Bellevue man’s ’72 Corvette emerges from restoration
By Jeff Barnes
It’s been a long time since John Hover’s seen his 1972 Chevy Corvette, but with fall in the air and the changing of the colors, he’s ready to enjoy a bountiful harvest.
The Ontario Orange ‘Vette – appropriately nicknamed “Punkin” by Hover – has been in restoration for 45 months. That’s nearly four years, or about a tenth of the forty years he’s owned the car.
The Bellevue man – a retired field rep for John Deere – dropped it off on Halloween 2011 at Ron’s Automotive Repair in Papillion to get some minor work done.
“It never started as a complete redo – it just sort of happened,” Hover laughed. “But it’s now a mechanically new ’72, with engine, driveline, transmission, and cooling system out – either refurbished or replaced.”
The numbers-matching car now features a modified 350 small block engine, originally cranking out 200 HP and somewhere over 300 now. Hover said the engine is “preserved,” meaning the parts needing replacement were replaced. “I wouldn’t want a ‘survivor’ mechanical car – who wants 40-year-old belts?” he jokes.
He’s more than happy with his “survivor” body and interior, though. “The vast majority of the paint is original – we just polished and waxed the body,” he said.
This isn’t Hover’s first turn with a sports car. After his graduation from the University of Nebraska, he bought himself a Porsche. “As a friend of mine once said ‘They’re great, but close the door and you can listen to them rust.’ I got rid of it in 1973 when 55 miles per hour went into effect – all of a sudden it wasn’t fun to drive a Porsche anymore.”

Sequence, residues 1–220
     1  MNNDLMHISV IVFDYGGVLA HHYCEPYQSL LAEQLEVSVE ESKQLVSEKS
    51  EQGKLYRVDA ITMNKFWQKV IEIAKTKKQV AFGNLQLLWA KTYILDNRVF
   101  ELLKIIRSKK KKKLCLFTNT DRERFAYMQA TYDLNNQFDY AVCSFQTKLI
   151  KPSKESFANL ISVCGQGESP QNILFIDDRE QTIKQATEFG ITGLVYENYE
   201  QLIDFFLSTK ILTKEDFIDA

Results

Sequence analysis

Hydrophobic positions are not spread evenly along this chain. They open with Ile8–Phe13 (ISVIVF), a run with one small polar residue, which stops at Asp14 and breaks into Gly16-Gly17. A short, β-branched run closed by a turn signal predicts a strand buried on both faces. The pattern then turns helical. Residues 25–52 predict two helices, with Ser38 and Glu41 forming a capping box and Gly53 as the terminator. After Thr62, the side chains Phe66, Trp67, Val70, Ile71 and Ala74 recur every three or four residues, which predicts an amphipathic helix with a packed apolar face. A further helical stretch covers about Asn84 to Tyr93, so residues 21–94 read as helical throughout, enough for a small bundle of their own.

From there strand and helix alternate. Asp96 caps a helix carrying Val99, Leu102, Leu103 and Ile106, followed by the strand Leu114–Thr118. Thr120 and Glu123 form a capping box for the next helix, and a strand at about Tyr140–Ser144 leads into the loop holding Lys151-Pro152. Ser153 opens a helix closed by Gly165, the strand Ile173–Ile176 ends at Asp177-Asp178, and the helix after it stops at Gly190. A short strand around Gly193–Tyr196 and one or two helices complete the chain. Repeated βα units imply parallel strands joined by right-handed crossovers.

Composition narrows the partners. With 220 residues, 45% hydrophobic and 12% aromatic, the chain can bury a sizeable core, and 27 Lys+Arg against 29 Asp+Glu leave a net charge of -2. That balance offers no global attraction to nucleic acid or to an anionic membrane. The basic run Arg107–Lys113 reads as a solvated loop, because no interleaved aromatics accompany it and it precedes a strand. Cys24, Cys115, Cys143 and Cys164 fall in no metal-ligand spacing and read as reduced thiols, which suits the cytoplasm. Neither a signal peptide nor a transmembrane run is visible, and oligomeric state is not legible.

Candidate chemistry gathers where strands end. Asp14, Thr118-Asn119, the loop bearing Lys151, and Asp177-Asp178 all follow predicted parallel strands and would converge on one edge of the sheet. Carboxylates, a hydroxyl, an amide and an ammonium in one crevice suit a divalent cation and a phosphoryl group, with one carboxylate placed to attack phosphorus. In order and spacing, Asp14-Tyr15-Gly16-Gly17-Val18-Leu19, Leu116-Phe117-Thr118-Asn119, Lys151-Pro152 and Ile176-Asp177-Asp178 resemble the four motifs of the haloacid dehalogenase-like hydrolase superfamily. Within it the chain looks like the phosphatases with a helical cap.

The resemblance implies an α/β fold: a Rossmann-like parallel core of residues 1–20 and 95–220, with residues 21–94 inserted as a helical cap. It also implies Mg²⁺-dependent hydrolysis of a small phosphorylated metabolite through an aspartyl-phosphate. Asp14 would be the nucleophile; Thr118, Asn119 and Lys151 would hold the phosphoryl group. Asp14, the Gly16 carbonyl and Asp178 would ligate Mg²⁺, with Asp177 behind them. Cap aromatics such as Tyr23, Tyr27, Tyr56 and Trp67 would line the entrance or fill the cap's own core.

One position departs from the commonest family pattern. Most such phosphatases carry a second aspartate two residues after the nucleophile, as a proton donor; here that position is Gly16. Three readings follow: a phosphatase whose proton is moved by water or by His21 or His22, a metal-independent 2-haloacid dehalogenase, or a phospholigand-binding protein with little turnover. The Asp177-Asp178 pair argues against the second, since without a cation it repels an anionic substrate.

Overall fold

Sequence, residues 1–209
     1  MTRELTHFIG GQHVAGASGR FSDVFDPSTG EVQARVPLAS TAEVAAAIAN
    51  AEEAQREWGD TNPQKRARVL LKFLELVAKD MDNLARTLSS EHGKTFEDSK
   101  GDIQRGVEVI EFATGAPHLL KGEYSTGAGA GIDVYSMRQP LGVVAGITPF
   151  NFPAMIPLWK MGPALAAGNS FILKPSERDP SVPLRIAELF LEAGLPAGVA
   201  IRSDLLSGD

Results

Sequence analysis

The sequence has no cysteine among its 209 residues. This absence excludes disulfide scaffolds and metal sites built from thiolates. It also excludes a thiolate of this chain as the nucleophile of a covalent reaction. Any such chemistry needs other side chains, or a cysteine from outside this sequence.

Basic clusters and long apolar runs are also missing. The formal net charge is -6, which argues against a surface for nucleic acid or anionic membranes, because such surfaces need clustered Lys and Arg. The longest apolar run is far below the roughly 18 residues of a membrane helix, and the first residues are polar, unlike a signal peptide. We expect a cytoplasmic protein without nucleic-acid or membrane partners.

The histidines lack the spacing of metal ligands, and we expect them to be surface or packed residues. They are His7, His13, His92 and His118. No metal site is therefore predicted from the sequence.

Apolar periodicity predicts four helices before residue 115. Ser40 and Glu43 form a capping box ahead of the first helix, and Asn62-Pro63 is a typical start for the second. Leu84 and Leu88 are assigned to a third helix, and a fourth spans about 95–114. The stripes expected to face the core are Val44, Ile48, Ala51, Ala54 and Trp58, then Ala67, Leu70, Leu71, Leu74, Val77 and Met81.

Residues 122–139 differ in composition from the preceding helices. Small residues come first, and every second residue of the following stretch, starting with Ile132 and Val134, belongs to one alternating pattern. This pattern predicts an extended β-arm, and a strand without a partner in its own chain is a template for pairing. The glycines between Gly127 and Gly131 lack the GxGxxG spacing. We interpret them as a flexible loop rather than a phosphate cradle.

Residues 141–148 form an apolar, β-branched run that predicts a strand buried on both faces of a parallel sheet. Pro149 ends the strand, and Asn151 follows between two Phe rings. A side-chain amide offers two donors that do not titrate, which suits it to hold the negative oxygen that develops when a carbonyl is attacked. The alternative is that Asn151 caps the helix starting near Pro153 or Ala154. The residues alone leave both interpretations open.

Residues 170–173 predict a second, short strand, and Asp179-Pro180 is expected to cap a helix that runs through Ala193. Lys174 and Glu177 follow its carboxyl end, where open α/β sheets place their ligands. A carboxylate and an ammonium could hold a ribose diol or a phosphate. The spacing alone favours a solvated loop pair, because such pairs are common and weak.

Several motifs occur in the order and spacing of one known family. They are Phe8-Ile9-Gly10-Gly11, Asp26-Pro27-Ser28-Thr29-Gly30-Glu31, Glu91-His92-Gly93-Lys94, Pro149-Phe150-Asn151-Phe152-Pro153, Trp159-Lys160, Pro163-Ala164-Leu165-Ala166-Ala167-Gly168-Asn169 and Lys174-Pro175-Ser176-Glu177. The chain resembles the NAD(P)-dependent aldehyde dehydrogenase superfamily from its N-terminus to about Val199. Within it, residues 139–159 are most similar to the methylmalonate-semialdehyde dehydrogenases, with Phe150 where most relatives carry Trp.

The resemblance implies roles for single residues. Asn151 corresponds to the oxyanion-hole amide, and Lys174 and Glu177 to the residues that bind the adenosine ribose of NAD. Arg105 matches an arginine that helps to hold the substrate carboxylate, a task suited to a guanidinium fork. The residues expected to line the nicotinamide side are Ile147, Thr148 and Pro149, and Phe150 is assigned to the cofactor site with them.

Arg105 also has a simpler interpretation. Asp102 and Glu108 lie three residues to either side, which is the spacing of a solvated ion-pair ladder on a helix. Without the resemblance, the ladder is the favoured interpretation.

He always wanted a Corvette, though. “I still remember when I was a boy in Benson,” he said, “and I remember walking down to Hulac Chevrolet in the fall to see the new Corvette. I grew up with friends driving Corvettes, fraternity brothers with Corvettes, neighbors having Corvettes – I was living in St. Louis where Corvettes were made. I had it bad.”
Hover bought the car for $5,000 in October 1975. “I’m the second owner – the previous was a woman living in Florida who’d moved to St. Louis to follow a guy.”
He never took it out in the snow or ice there, nor during the rare instance of that weather in Dallas after he was transferred there. Hover later was given a choice of Omaha or Des Moines for a final transfer and he returned to his hometown.
The car is a definite “guy magnet.” Hover pulled it out of the garage for the first time since the restoration and drove it down his cul-de-sac for photos; soon enough, two neighbors emerged from their homes to admire and talk Corvette with their friend.
Hover plans to share it for other comments as well, planning trips to a show in Bennington, the All Nebraska Corvette Show in Lincoln, and Kansas City Corvette Show. “It’s not been judged anywhere yet,” he said. “I have my greatest chance against contemporary Corvettes C-3 (’68-’82).”
Of course, the Corvette is worth much more than the original price paid, especially after the restoration. He said he’s fortunate that he’s whole on the car, based on the market value. “It’s insured for what I have in it. I’d be devastated if it was wrecked or stolen, but I wouldn’t be out anything.”
Perish that thought, though. For now, Hover’s just happy that Punkin’s rolling once more.
(Originally printed in the Omaha World-Herald, October 3, 2015)